July 26, 2013

Computing and Reporting Status and Growth in Teacher Evaluation: The Compensatory Approach


Marzano Center Staff
Learning Sciences Marzano Center

How teacher data is assembled can help administrators decide how scores should be interpreted

How do you measure what takes years to accomplish?

In Chapter 5 of Teacher Evaluation that Makes a Difference, Toth and Marzano consider two ways that scores within student growth and teacher practices can be assembled. The goal of assembling these variables is to create an aggregate or omnibus score for a teacher; how the data is assembled also helps administrators decide how such scores should be interpreted. There are two basic approaches to creating an aggregate or omnibus score for multiple forms of data: the compensatory approach and the conjunctive approach. In this series of posts we’ll be comparing the two approaches and applying them to three different types of scores.

Today we’re taking a look at the Compensatory Approach. In short, this method allows for high scores on some variables to compensate for low scores in other variables.

Student Growth:
In Chapter 2, Toth and Marzano recommended that student growth or Value Added Measures be collected from five sources: state tests, benchmark or end-of-course assessments, common assessments, SLOs, and student surveys. They also recommend that these various measures be translated to standardized scores to ensure they are all expressed according to the same metric. Using the compensatory approach, you can combine students’ scores according to a weighted formula that leaves you with just one score.

Teacher Practices:
When the compensatory approach is applied to scores on teacher practices or Marzano Domains 1-4, teacher scores on each element of each domain are averaged. An unweighted average score might be computed for each domain for each teacher, and these scores would then be aggregated using a weighted average.

Marzano Domain 1 includes 41 of the 60 elements of the model, so it would receive the most weight of the 4 domains. The authors recommend that Domain 1 be weighted at 68.3%, Domain 2, 13.3%, Domain 3, 8.3%, and Domain 4, an even 10%.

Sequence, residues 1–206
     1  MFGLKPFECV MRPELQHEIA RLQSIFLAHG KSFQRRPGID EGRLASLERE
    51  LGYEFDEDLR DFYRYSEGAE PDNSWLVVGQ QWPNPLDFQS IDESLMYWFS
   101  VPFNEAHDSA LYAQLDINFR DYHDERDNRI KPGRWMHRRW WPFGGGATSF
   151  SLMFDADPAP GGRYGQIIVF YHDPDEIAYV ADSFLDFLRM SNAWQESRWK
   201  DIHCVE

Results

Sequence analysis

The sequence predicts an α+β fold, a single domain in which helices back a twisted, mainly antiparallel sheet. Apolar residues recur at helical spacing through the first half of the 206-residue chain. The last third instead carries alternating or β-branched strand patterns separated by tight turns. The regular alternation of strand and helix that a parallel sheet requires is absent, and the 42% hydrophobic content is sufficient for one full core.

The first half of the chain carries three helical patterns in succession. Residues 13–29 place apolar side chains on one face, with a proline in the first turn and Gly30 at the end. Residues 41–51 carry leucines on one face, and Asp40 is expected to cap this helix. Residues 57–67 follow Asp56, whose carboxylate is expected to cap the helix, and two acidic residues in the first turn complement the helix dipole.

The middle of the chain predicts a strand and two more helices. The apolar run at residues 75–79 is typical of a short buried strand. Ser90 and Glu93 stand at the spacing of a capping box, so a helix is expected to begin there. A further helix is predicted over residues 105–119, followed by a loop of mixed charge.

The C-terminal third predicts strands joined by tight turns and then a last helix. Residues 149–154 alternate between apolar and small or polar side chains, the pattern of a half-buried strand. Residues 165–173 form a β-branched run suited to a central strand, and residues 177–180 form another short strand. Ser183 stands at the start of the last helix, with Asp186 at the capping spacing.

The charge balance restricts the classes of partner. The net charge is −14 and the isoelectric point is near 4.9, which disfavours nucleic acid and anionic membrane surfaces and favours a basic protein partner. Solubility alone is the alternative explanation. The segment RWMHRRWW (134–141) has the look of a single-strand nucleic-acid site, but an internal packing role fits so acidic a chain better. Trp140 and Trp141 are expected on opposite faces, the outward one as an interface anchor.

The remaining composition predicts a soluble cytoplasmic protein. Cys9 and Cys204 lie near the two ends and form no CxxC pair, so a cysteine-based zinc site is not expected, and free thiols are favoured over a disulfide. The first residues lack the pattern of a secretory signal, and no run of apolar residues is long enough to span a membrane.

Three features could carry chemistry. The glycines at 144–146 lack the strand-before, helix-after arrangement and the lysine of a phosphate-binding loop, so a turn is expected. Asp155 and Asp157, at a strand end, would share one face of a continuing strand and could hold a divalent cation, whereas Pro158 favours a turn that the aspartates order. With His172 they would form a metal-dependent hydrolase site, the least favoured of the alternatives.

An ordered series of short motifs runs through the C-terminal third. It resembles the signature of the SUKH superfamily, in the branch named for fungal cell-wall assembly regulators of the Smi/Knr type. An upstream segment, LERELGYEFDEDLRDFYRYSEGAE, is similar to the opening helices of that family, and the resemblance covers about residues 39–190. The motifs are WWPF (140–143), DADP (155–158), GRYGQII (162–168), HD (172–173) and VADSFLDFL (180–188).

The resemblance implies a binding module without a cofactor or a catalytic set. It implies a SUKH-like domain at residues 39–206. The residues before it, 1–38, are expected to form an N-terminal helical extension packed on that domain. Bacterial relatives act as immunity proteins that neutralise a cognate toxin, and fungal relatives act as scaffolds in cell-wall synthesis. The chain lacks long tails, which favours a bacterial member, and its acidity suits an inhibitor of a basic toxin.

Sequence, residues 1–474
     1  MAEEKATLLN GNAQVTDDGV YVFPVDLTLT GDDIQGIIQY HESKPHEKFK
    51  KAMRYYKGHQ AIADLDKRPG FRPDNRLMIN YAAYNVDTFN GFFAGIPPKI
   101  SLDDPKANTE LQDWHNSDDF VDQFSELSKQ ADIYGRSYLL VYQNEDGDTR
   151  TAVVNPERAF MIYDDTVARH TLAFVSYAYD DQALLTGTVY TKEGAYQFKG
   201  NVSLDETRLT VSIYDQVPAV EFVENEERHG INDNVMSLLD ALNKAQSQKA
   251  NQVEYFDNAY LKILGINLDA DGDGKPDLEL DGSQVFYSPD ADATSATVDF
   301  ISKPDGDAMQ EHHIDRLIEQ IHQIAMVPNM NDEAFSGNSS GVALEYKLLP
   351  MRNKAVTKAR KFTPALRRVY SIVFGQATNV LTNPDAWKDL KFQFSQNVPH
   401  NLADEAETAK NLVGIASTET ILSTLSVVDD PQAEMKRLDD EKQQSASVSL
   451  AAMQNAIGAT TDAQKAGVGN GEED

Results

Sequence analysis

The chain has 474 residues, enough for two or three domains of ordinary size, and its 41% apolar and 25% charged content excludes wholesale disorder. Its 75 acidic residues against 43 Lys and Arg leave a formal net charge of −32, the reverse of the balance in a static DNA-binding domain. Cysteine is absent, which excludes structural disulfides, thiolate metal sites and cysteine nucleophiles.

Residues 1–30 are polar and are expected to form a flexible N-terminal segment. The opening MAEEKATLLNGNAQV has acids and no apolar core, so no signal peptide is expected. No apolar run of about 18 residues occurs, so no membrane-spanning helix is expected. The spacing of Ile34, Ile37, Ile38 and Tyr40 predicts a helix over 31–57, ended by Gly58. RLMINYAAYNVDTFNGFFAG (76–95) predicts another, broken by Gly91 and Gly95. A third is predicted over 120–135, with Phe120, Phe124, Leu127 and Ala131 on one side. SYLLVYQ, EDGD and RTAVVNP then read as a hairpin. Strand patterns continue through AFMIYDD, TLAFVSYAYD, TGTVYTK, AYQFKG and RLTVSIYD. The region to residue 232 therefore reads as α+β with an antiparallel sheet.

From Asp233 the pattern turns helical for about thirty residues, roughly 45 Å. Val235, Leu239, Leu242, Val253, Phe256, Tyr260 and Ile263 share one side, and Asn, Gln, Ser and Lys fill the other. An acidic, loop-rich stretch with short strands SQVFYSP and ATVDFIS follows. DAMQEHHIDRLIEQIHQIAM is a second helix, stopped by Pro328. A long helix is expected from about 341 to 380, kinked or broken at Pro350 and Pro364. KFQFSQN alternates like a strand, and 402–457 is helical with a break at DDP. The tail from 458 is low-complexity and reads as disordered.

Let’s say I’m a World History teacher, and I’m a pretty average teacher. My unweighted scores were as follows:
•  Domain 1 = 3.22
•  Domain 2 = 2.44
•  Domain 3 = 2.41
•  Domain 4 = 3.11

If you do the math, my weighted average score across Domains 1-4 equals 3.03. Pretty good, right? If you use the scale below you’ll see that I’m an Effective teacher. Whereas if my supervisor had not used the compensatory approach, and just averaged my scores I would be at 2.75.

•  Highly Effective: 3.25-4.00
•  Effective: 2.50-3.24
•  Needs Improvement: 1.25-2.49
•  Unsatisfactory: 1.24-0.00

Teacher Growth:
It’s been estimated that about 10,000 hours of deliberate practice are required for one to become an expert. In fact, one of the defining characteristics of expertise is that it takes time to develop.

So how do we measure something that will take years to accomplish? Chunk it into digestible bites. Growth can be measured relatively easily by comparing teacher’s score at the beginning of the year to a teacher’s score at the end of the year in a specific domain. Simply take the two scores, subtract the first score from the second, and hope you end up with a positive number.

A teacher can also measure his or her growth by tracking progress on different types of goals:
Routine Segments: “I will increase my skill at having students track their progress on learning goals to the Applying level or higher.”
Content Segments: “I will increase my skill at having students preview content to the Applying level or higher.”
Segments Enacted on the Spot: “I will increase my skill at enhancing student engagement by using academic games to the Developing level or higher.”

Putting All Scores Together
At the end of the school year, we have three combined scores to consider for each teacher: one for VAMs (Student Growth), one status score for Domains 1-4 (Teacher Practices), and one growth score related to teacher growth goals. Each of these can be expressed in terms of proficiency levels:

•  Highly Effective
•  Effective
•  Needs Improvement
•  Unsatisfactory

It’s important to keep in mind that different standards for classification in these categories should be used for teachers with different levels of experience.

In the next post we’ll be talking about another way to classify these categories for teachers: the Conjunctive Approach.

Buy the book: Teacher Evaluation that Makes a Difference here.





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